Disagreeing with Confidence

Theoria 83 (4):419-439 (2017)
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Abstract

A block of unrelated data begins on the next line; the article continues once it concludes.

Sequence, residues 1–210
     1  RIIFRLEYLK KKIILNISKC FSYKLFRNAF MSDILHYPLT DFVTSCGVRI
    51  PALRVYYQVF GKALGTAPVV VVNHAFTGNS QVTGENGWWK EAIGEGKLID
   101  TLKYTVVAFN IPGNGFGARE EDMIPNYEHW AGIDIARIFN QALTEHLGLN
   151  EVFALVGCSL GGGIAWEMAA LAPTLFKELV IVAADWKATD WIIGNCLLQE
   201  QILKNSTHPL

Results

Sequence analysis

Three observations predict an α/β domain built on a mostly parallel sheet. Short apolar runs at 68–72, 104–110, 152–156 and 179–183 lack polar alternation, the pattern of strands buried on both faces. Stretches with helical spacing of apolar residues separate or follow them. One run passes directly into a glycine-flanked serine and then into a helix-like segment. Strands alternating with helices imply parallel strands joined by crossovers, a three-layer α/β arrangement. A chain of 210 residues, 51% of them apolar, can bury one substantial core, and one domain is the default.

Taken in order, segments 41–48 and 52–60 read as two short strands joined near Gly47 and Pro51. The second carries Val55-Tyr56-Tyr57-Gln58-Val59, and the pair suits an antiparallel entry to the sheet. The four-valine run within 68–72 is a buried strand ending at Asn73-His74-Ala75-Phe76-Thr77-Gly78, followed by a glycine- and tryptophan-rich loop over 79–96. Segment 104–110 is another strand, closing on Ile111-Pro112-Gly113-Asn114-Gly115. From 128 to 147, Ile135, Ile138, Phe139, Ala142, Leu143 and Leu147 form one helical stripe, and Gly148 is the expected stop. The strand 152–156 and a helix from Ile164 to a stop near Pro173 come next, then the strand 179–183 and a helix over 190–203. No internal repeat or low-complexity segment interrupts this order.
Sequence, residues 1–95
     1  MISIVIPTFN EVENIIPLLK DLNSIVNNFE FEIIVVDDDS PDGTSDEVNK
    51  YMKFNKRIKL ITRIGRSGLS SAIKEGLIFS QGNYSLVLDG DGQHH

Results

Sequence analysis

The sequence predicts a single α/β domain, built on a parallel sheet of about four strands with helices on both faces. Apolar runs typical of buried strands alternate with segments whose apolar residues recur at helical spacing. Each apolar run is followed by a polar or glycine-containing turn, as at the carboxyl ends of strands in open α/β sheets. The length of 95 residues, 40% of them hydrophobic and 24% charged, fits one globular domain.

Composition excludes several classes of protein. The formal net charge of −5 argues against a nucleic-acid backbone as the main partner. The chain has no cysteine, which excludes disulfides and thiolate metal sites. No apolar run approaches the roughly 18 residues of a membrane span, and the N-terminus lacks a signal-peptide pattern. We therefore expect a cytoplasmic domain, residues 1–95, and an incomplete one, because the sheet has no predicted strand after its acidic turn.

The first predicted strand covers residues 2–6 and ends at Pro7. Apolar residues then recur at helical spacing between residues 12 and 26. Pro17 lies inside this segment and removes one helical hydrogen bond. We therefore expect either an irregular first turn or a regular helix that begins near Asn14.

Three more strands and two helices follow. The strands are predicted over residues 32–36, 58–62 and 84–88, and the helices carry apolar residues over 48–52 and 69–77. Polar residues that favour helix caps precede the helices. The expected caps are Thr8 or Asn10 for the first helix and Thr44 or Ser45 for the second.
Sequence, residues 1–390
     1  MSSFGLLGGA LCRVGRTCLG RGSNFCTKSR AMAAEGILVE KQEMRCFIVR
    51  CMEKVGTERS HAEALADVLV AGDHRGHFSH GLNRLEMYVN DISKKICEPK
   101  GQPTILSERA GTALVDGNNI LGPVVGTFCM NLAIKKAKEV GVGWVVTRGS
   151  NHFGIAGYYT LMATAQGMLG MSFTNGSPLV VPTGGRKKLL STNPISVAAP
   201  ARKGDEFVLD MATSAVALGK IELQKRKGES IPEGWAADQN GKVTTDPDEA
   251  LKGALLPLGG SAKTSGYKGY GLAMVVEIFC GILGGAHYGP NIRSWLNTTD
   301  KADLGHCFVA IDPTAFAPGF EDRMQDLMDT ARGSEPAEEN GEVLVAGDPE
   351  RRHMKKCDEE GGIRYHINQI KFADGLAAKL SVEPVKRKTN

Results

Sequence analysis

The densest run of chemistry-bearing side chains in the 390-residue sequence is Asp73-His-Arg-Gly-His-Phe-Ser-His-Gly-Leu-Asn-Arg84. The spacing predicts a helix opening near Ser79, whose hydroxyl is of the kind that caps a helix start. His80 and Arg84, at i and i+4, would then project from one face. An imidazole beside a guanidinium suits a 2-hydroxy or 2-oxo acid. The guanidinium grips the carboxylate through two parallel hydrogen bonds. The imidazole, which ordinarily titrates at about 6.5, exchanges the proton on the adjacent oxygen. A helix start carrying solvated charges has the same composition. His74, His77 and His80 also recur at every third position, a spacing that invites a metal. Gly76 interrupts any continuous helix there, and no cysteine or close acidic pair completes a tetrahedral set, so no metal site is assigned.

Does having an initially high level of justified confidence in a belief vindicate remaining steadfast in the face of disagreement? According to one prominent view in the literature, namely Jennifer Lackey's justificationist position, the answer is yes so long as one also has personal information that provides a symmetry-breaker. In this article, I raise a problem for the justificationist view. On the most straightforward reading of the justificationist position, personal information always provides a symmetry-breaker in a peer dispute over a belief in which one has high justified confidence. However, this position is implausibly strong because it renders epistemically permissible a dogmatic attitude in a relevant set of peer disagreements. Alternatively, weaker readings of the view fail to provide a perspicuous account of when high justified confidence matters in a disagreement.
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